If I had a dollar for every time I was asked this question …. well, let’s just say winning the lottery would be a brush off.
Parents are often seeking that ONE explanation! Is it a developmental leap, a sleep regression, are they napping too long in the day – or not enough? Maybe they need more food, or maybe they’re too hot – or too cold!
One root cause would make it much easier to solve the problem, wouldn’t it?
Honestly …. It could be any one of these things. Even more daunting – it could be a COMBINATION of any one of these things.
So I suppose what I’m trying to tell you – and what you may have already figured out yourself – is that a baby’s sleep is incredibly complicated. A baby’s brain is constantly going through rapid and significant changes... by the time they catch up and adapt to one big change, another one comes along to rock the boat once again.
Obviously there are some potential impacting factors that you can definitely control, like adjusting the aircon or turning the fan on. Perhaps if they’re teething you can apply some teething gel or give some Panadol. These are the simple fixes.
If you’re struggling with your child’s night wakings you’ve probably already tried these – and they haven’t worked. Consider this:
An 18 month old who is happy and healthy goes down well for long naps during the day, however when bedtime comes around they suddenly seem full of energy and ready to play. They stomp and cry when they’re told it’s bedtime and it takes a million bedtime stories, trips to the bathroom, and sips of water before they finally settle down to sleep. Then after all that, they wake several times throughout the night and won’t sleep past 5:30am.
So what’s the problem here? They’re probably getting too much sleep throughout the day, right? It’s a reasonable thought but the case is more often than not, the opposite. This sort of pattern is indicative of a child who needs more sleep, not less.
I can almost see your head spinning from here, so let me give you a little background on how sleep works.
In general, around 3 hours before we are naturally prone to waking up our bodies start releasing a hormone called cortisol. Cortisol is a stimulating hormone which is also released in times of stress. It causes our heart rate to increase and stimulates the nervous system, which in moments of danger will kick us into fight or flight. In the mornings however, it’s just trying to get us ready for the day. Consider it Mother Nature’s caffeine!
Even more to that, if cortisol is our morning coffee then melatonin is an evening glass of wine. When the sun starts to go down our bodies take this as a cue to start releasing melatonin, which in turn induces sleep. Then morning comes around and the process begins all over again with cortisol being released.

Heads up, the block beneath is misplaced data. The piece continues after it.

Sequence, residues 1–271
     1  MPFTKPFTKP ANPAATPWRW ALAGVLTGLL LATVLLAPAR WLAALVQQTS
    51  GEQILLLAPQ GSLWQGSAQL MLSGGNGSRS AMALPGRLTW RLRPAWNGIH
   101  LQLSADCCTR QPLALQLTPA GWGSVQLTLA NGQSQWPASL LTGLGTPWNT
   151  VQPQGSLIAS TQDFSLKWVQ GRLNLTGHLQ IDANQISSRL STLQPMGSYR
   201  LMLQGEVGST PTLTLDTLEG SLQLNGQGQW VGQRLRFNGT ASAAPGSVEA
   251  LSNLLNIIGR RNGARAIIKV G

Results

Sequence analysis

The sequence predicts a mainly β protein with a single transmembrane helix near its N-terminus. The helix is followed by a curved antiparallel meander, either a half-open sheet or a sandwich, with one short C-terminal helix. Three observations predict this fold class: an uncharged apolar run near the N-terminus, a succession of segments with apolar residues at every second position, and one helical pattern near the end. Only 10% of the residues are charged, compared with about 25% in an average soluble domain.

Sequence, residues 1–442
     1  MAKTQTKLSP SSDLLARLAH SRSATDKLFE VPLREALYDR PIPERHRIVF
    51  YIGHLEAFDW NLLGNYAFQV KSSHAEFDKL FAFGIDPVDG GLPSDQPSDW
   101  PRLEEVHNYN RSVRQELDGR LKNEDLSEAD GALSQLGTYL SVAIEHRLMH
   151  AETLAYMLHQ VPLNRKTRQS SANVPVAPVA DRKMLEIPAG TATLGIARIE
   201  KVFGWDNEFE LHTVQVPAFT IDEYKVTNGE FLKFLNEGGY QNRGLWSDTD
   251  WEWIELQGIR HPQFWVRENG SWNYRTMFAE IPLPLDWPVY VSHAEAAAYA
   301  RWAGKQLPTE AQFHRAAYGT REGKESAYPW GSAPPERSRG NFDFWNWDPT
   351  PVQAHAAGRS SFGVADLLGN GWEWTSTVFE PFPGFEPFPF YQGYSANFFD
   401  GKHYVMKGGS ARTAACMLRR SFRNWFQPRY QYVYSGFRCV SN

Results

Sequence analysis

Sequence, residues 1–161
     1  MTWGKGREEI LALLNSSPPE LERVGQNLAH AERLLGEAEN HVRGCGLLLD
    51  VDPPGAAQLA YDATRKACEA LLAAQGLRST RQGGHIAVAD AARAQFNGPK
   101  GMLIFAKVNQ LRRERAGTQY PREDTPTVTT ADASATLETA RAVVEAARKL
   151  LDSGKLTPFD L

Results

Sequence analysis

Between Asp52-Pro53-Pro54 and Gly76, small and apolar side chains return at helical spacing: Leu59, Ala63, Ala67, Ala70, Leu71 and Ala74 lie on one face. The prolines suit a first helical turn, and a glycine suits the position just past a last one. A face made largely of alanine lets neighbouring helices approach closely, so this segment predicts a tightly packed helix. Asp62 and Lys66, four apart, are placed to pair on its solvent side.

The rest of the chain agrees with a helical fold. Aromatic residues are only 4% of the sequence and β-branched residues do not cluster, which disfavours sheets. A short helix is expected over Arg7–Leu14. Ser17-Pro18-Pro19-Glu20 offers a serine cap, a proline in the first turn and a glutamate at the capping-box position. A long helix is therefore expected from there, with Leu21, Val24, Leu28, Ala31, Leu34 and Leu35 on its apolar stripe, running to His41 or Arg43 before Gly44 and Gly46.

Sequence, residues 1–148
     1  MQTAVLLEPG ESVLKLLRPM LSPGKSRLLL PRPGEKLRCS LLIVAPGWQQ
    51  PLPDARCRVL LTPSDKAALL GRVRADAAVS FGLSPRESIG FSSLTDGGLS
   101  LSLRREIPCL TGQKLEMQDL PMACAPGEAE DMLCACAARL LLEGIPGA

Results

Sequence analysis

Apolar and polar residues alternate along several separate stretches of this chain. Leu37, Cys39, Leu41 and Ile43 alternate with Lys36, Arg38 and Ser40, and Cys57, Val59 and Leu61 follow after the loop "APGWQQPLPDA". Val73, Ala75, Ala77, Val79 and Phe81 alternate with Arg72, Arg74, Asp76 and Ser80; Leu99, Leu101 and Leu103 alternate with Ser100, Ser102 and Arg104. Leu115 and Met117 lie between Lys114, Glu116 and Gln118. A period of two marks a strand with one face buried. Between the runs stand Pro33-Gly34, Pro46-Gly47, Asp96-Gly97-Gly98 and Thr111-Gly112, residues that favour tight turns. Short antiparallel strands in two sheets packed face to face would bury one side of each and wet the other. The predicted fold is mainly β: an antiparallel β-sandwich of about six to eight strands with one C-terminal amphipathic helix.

As beautifully crafted as this system sounds, it’s not foolproof and it can easily fall out of sync.
When a child’s body begins releasing melatonin there is a narrow window of time following where the body is expecting to then settle into sleep. If this doesn’t happen, the brain starts to process ongoing stimulus as a sign that something isn't right and responds by releasing cortisol. Before you know it, you’ve got a playful child with an abundance of energy on your hands!
In short, you missed the window and now your child is having a hard time getting to sleep – although his behaviour looks like anything but fatigue.
… So what does all of this have to do with 3am wake ups?
The circadian rhythm. Let’s assume your baby’s natural wake up is around 6:00am; then the body will start releasing cortisol around 3:00am and melatonin production will stop. This means he’s now slightly roused with no more access to the sleepy hormone. This, along with likely a lack of independent sleep skills... means that he is probably going to wake fully and have a really hard time getting back to sleep.
Now for the BIG question – How do I fix it?
While there’s no quick fix to establish a nice balance of fluctuating hormones, there are certainly a few little things you can put in place to give it a little push in the right direction:
Spend time outside in natural light throughout the day. This primes your child’s body for melatonin release in the evening.
Make sure that your child’s bedroom is as dark as possible during the night, and start dimming the lights house about an hour before bedtime. This simulates sunset and helps to cue the release of melatonin, meaning it should be in full swing by the time bedtime comes around.
Avoid any ‘screen time’ at least an hour before bedtime. These devices stimulate the release of cortisol – which is exactly what we don’t want around bedtime.
Above all, the number one key to helping your baby sleep through the night is to get them into a predictable and consistent routine for naps and bedtime, and teach him the skills he needs to fall asleep independently. Because the truth is you’re never going to be able to 100% avoid night time wakings. We all wake throughout the night, no matter how old we are. As adults, we have just become accustomed to checking in with our surroundings briefly before falling right back to sleep (think adjusting your blanket, rolling over, or reaching for an extra pillow). Most of the time we don’t even remember this the next morning.
So, while you can’t prevent your child from waking during the night, you can help him to learn how to self-settle. You can find more information about how to go about this by checking out the other resources on the website and our social media.
Better yet - send me a message, I'd love to help out!